A Simple Beginner Barre Workout

Medically Reviewed by: Dr. Ben Rawson

Dr. Ben Rawson, DO is trained in Physical Medicine and Rehabilitation. He is a current Tri-Athlete and loves running.

The gym is great for providing variety and motivating some people to exercise. But if you’re just starting to get back into the workout groove, you may not want to invest in membership yet. A fitness routine that you can do at home may be the inspiration that you need. This beginner barre workout helps you develop your strength, flexibility, and agility. You don’t need any special equipment or skills to do it. Barre offers many benefits, and it’s an ideal routine for changing up your workout regimen so that you don’t get bored.

What Are the Benefits of Barre?

Barre workouts fuse concepts from dance and Pilates to target all of the major muscle groups. You don’t need to know ballet moves or buy expensive equipment. While a barre workout is a low impact, it requires a lot of energy. You will use muscles that you didn’t know existed, focusing on intentional, repetitive movements that challenge you mentally and physically.

Some of the many benefits of a barre workout include:

• Lengthens muscles
• Improves posture
• Can be adapted for cardio or strength
• Strengthens core, abdominal, arm, thigh, calf, glute, and pelvic floor muscles
• Boosts muscle endurance
• Helps you maintain bone density as you age
• Requires little space
• Can be done anywhere
• Boosts mood and cognitive function

If you’re currently sedentary, adding a beginner barre workout to your day should help you lose weight. Even if you are fairly active, barre works the body in different ways. You might notice tighter, leaner muscles. Daily tasks, like playing on the floor with the kids and bringing in the groceries, will seem easier. You’ll feel stronger and stand straighter.

How to Do a Simple Beginner Barre Workout

This beginner barre workout incorporates movements for different muscle groups. Work through the entire practice, or try a few exercises that seem intriguing.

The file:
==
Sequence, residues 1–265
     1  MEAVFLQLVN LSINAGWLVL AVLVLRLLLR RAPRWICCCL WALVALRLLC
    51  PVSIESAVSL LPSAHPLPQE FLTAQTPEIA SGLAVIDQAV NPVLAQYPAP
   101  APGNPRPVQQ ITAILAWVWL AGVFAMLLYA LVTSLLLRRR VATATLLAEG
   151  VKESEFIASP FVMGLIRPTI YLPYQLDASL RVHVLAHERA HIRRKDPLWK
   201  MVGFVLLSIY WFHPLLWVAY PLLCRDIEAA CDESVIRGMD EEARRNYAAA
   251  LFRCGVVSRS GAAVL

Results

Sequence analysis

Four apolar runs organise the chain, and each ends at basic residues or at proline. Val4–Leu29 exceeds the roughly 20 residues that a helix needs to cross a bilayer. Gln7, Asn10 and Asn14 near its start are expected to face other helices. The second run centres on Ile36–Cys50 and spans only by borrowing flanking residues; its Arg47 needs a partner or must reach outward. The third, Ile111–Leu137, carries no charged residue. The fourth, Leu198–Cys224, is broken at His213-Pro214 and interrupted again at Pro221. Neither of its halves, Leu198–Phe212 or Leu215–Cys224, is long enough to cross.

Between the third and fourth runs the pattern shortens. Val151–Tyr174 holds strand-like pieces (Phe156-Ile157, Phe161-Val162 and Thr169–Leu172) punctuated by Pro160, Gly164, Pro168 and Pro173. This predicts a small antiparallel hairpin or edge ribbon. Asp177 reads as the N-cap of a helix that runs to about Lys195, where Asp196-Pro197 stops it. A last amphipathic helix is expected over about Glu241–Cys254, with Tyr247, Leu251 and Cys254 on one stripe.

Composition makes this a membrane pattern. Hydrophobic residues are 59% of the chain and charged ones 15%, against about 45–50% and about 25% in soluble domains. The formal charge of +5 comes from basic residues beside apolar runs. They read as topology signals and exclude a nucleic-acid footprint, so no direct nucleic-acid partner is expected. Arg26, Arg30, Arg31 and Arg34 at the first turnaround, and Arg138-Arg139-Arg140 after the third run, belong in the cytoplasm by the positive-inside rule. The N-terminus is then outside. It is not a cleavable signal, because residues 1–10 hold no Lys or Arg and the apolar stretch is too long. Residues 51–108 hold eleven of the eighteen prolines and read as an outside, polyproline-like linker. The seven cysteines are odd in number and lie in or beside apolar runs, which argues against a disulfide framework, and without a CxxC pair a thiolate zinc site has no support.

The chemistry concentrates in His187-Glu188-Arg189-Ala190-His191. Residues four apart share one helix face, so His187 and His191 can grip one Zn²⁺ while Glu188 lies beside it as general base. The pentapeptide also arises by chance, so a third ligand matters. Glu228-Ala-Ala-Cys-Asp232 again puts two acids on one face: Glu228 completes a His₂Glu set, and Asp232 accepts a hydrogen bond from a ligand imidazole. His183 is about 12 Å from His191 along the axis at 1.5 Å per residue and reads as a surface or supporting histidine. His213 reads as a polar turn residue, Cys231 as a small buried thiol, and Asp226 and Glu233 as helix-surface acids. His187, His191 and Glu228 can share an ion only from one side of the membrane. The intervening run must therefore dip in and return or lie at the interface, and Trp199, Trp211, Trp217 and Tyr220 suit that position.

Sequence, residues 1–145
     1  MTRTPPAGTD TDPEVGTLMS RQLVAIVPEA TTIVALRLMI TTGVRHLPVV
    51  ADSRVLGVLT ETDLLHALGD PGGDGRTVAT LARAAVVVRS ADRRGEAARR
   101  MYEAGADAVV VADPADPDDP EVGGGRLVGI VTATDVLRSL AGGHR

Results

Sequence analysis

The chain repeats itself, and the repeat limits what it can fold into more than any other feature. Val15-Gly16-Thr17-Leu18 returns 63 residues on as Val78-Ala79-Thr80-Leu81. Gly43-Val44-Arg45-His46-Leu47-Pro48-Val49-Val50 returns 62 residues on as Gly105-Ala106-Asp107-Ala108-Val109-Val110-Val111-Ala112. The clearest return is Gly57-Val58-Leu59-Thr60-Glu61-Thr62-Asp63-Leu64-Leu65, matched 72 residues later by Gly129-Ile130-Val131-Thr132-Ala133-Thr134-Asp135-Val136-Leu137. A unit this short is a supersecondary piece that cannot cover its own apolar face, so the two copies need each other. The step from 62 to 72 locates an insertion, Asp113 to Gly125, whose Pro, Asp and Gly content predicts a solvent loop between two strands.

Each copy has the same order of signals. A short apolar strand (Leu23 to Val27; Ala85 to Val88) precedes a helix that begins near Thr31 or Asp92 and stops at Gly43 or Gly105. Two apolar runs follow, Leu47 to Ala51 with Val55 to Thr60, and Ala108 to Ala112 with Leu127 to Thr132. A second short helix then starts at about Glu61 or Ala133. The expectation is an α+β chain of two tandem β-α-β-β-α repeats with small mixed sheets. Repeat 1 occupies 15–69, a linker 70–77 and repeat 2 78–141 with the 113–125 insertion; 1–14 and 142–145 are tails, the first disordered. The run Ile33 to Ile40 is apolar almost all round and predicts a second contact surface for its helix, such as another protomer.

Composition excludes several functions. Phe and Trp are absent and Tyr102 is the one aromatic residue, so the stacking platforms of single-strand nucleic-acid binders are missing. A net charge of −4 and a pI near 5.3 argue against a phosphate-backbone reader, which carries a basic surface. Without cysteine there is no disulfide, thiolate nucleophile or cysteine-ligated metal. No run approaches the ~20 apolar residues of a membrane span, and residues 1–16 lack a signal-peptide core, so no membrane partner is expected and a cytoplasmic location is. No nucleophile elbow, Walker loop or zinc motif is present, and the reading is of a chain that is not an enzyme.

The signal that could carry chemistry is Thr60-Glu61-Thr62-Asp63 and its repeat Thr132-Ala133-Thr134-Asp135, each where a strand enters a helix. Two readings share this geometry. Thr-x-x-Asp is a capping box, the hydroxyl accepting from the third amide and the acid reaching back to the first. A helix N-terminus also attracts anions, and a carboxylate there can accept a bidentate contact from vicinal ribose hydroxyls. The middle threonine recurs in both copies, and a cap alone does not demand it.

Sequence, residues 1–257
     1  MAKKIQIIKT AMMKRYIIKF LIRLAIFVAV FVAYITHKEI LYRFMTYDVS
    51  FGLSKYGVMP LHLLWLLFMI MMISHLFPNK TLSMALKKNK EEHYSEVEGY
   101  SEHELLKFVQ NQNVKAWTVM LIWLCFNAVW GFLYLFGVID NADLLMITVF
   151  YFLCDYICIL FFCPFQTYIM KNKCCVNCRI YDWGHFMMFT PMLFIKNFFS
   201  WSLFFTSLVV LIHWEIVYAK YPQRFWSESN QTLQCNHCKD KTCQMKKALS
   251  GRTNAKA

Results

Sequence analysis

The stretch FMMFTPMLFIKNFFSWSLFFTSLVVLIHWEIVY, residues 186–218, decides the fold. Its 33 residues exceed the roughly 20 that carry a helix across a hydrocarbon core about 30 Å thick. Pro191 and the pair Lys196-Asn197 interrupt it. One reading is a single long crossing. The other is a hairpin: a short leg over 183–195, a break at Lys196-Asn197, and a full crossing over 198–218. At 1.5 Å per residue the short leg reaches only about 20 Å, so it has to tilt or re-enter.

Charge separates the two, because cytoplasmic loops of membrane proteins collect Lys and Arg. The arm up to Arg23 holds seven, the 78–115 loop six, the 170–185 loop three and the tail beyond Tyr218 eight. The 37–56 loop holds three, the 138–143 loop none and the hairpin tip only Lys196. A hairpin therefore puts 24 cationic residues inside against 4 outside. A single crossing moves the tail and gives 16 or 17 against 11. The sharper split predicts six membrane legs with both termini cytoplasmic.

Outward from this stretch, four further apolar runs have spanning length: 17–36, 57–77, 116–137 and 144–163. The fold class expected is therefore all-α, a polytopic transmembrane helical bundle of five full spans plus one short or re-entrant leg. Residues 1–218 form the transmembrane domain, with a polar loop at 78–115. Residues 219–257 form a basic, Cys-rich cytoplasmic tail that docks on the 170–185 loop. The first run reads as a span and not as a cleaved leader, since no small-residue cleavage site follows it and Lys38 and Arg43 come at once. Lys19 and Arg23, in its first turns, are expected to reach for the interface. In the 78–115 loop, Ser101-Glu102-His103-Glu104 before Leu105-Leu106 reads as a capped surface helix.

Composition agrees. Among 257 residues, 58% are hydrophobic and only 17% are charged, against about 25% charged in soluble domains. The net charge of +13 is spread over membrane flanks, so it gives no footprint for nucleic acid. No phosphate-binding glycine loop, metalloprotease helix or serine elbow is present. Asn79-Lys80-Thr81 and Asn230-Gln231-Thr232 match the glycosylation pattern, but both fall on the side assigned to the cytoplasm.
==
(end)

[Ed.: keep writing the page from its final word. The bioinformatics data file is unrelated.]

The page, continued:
During this workout, you’ll activate your hips, knees, ankles, and feet in ways that you may not be used to. Warm-up with a brisk walk, jumping jacks, yoga cat-cow poses and butterfly stretches. Roll your hips and ankles to loosen them up.

You may want to stand near a counter, wall, or sturdy piece of furniture to help you maintain your balance. Pull out a yoga mat or towel for the floor exercises.

Plie Pulses

Stand in the first position. Your heels will be together, and your toes will point out at a 45-degree angle. Activate your core, lengthen your spine, and tuck your pelvis as you bend your knees. Your upper body should drop down as though it is on a track. Sink down a few inches. When you feel your glutes and inner thighs engage, pulse up and down for 25 repetitions.

Parallel Plies

Hold your hands on your hips, and bend your knees. Rise onto your toes. Push through the balls of your feet to straighten your legs and lift your body a few inches. Then, lower yourself to the starting position. Squeeze your thighs together for optimal results.

Knee Lift to Glute Press

Standing tall, ground your supporting foot and bend that leg slightly. Use your abs and hip flexors to lift your other foot into the air, keeping your knee bent at a 90-degree angle. Maintaining the same knee position, swing your foot down and toward the back. Squeeze your glute as you raise your foot behind you.

Deep Isometric Lunge

Begin in a lunge position on the floor. Your front knee should be directly over the foot. Your back toes should be tucked under. Keeping your upper body vertical, use the power in your legs to rise up slowly. When it feels challenging, hold it there. Move your body up and down an inch for 30 repetitions.

High Plank With Alternate Leg Lift

Get into a high plank position. Your palms should be spread out on the floor, directly under your hands. Maintain a straight line with your body, keeping your shoulders and hips square as you raise one leg behind you. Hold it for a moment before lowering it and repeating with the opposite leg.

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